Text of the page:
Global economic slump means consolidation of US Postal Service delivery routes

01/19/2009

A huge drop in the volume of mail passing through the U.S. Postal System will lead to consolidation of urban carrier routes, possibly affecting daily delivery times for millions.

Associated Press has reported that activities are underway to try and deal with the serious decline in mail volumes. “We’re facing the biggest decline since the Great Depression,” said Terry Penland, customer relations coordinator for the Postal Service in Kansas City.

The volume of mail in fiscal 2008 dropped more than 4.5 percent, or 9.5 billion pieces, which contributed to a $2.8 billion net loss. The Postal Service is an independent federal agency that is expected to operate like a business.

Postal officials cite the weakened economy as well as the growth of e-commerce and e-mail.

The Postal Service’s year-end review anticipates no economic recovery in 2009, with another drop of 8 billion pieces.

The Postal Service managed to cut costs by $2.2 billion last year through reductions in overtime, attrition and new labor agreements. But to meet its universal service obligations of delivery six days a week and to cover the average of 1.7 million new delivery points that have been added each year over the past four years is forcing the Postal Service to cut costs by consolidating some of the 85,000 urban delivery routes across the US. The changes could affect as many as 50 million addresses nationwide.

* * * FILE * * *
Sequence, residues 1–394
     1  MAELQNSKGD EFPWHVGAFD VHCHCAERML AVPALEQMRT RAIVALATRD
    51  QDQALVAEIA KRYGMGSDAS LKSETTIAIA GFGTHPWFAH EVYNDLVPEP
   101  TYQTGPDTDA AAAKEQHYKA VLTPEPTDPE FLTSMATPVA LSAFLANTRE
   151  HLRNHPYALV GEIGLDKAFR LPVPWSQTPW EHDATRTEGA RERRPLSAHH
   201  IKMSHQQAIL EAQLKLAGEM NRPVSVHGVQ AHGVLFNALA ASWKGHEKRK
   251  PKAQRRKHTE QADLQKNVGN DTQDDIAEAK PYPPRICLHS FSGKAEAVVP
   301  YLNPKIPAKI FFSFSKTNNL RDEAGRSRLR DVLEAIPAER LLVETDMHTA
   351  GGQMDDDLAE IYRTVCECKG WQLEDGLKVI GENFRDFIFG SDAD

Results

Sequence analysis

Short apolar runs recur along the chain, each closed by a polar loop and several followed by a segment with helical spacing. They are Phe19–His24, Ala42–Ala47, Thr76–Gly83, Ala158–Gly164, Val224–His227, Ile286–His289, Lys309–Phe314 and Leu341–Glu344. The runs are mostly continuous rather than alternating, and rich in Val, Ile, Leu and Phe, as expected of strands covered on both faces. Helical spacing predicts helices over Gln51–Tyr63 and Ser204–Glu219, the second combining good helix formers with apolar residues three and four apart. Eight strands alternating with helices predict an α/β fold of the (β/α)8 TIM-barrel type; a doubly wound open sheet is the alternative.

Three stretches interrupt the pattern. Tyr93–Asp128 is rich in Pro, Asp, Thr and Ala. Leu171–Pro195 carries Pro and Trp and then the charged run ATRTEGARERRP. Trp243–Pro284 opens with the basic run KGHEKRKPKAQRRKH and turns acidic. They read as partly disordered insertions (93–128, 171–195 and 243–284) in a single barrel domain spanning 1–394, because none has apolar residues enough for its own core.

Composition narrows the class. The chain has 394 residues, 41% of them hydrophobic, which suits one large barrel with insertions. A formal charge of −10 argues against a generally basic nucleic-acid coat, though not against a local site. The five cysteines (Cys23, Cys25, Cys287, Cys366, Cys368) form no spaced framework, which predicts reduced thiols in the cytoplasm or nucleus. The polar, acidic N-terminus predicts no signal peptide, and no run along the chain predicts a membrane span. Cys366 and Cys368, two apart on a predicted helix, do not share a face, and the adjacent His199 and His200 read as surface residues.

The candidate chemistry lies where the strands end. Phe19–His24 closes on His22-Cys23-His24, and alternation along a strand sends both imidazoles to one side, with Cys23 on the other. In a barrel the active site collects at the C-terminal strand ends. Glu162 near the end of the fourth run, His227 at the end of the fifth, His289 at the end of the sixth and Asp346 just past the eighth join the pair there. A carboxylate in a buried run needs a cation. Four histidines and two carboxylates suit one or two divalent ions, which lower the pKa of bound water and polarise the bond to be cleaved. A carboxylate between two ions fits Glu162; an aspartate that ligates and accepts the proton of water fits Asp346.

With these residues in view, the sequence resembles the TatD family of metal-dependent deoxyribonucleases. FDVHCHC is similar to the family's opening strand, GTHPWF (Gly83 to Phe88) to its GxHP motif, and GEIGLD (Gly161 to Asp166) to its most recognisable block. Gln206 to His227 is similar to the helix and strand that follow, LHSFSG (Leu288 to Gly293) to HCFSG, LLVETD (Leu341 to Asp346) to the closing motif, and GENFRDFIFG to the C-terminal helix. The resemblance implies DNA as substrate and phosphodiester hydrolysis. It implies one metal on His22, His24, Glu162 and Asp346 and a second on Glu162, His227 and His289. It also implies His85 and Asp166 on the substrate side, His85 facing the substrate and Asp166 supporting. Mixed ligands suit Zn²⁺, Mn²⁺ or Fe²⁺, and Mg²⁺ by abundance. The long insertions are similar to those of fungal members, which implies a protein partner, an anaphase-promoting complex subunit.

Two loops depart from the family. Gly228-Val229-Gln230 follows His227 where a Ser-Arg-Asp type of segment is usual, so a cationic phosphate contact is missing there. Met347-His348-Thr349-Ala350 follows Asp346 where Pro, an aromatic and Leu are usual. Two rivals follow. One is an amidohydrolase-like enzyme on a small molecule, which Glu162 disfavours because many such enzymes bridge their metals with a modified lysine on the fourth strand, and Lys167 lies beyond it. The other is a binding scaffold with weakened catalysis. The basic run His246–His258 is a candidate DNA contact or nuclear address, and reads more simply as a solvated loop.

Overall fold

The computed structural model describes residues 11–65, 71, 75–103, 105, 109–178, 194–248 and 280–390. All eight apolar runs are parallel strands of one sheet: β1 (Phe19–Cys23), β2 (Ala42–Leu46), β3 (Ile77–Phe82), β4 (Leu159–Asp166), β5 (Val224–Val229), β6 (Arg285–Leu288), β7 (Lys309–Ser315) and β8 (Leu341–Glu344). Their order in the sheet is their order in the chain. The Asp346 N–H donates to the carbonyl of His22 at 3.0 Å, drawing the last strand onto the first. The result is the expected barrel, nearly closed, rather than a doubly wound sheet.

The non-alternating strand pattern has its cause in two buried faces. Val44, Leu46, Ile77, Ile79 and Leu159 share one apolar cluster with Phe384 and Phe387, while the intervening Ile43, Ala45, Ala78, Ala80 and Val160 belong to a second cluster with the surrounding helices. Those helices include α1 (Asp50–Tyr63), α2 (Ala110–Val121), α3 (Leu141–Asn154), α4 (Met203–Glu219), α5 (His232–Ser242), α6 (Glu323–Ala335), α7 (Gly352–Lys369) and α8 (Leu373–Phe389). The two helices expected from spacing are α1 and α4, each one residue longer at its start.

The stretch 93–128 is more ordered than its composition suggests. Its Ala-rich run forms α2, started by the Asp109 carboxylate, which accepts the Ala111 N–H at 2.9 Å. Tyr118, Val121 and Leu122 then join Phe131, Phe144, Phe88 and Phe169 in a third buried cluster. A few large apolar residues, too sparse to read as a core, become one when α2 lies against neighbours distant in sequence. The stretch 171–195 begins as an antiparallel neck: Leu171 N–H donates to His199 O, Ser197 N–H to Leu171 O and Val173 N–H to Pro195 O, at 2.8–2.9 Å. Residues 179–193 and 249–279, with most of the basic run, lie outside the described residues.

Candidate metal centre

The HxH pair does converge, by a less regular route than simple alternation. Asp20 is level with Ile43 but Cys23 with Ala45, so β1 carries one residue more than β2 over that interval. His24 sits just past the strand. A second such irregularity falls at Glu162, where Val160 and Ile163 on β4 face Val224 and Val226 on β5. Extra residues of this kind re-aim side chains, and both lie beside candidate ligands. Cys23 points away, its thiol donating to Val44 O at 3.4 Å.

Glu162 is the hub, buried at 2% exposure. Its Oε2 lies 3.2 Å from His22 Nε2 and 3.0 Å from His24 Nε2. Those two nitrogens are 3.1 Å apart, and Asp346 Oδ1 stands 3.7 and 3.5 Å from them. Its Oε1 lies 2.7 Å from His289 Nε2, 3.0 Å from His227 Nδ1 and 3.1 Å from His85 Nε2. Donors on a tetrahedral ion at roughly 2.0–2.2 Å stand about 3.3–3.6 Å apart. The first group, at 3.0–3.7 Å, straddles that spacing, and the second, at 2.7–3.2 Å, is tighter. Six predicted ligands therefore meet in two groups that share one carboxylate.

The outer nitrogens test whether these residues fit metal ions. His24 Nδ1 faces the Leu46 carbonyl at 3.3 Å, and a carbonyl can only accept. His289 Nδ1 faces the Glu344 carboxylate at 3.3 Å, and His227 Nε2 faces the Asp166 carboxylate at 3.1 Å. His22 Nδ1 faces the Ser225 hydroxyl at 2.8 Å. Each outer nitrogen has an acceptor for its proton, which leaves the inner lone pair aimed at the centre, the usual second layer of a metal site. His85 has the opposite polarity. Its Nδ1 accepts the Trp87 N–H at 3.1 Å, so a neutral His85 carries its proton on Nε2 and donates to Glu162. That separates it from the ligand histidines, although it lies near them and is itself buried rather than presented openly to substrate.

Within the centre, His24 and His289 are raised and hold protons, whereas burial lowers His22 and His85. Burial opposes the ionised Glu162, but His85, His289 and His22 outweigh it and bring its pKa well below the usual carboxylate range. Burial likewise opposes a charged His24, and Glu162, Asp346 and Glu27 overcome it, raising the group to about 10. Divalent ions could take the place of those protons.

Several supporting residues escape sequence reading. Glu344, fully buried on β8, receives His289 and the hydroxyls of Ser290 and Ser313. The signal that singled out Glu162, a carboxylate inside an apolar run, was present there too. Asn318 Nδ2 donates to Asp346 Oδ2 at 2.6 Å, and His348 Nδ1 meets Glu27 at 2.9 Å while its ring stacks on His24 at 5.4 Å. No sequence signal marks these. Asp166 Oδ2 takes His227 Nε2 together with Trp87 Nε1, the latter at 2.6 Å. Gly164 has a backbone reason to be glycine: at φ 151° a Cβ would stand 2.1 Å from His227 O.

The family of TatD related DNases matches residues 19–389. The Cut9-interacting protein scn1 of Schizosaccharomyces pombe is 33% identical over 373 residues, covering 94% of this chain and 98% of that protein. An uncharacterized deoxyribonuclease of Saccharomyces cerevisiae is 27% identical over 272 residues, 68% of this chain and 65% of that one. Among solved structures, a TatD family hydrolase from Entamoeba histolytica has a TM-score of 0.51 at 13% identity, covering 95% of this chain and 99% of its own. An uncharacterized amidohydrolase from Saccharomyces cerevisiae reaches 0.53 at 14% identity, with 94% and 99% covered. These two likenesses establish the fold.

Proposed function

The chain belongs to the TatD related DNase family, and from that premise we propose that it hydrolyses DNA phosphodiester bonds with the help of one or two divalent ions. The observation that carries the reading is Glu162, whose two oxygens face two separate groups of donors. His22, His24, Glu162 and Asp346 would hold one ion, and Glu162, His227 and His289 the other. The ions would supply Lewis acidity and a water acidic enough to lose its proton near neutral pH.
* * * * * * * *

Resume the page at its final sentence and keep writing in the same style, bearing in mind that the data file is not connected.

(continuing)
The National Association of Letter Carriers, a UNI Post & Logistics affiliate, is actively involved in trying to deal with the crisis.The union joined with the Postal Service to put in place procedures required to change routes.

Fewer pieces of mail means it takes less time for letter carriers to sort it at their stations and it takes less time on their routes to deliver it. A postal station may have several full-time routes but one or two that take less than eight hours to sort and deliver. The delivery points on those routes could be redistributed among the others for greater efficiency and cost savings.

NALC has said that their strategy is to ensure that career employees do not lose their jobs, but they might be reassigned. The Postal Service is offering early retirement to letter carriers but there have been no involuntary layoffs. The service is relying on attrition to reduce payroll so far and NALC is working to ensure this is the case.

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